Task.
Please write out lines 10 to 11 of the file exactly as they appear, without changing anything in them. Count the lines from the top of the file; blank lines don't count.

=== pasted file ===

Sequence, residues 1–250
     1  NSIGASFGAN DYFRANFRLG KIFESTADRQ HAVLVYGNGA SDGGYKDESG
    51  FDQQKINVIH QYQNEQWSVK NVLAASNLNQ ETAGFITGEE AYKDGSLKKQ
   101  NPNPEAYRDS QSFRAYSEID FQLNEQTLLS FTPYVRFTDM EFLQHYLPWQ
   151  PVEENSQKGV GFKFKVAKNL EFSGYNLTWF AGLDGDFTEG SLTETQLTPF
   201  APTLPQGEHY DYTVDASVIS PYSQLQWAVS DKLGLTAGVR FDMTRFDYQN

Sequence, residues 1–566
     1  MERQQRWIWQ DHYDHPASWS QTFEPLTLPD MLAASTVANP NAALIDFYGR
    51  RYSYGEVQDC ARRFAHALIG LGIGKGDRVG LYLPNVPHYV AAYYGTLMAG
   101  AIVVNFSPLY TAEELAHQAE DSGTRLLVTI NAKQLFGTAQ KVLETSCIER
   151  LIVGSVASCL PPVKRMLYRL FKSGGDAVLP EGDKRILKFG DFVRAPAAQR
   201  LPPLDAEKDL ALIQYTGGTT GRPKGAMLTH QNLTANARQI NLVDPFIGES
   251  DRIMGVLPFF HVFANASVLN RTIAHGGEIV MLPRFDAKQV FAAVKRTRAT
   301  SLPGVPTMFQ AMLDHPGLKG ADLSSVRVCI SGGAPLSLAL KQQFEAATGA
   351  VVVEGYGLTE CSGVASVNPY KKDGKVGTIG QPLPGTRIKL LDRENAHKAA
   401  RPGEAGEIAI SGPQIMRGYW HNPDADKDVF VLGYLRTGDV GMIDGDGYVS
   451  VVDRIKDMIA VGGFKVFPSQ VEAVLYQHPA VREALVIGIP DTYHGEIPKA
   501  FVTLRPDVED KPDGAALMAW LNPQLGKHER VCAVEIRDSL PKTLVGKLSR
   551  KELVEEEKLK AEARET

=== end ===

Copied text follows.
   101  AIVVNFSPLY TAEELAHQAE DSGTRLLVTI NAKQLFGTAQ KVLETSCIER
   151  LIVGSVASCL PPVKRMLYRL FKSGGDAVLP EGDKRILKFG DFVRAPAAQR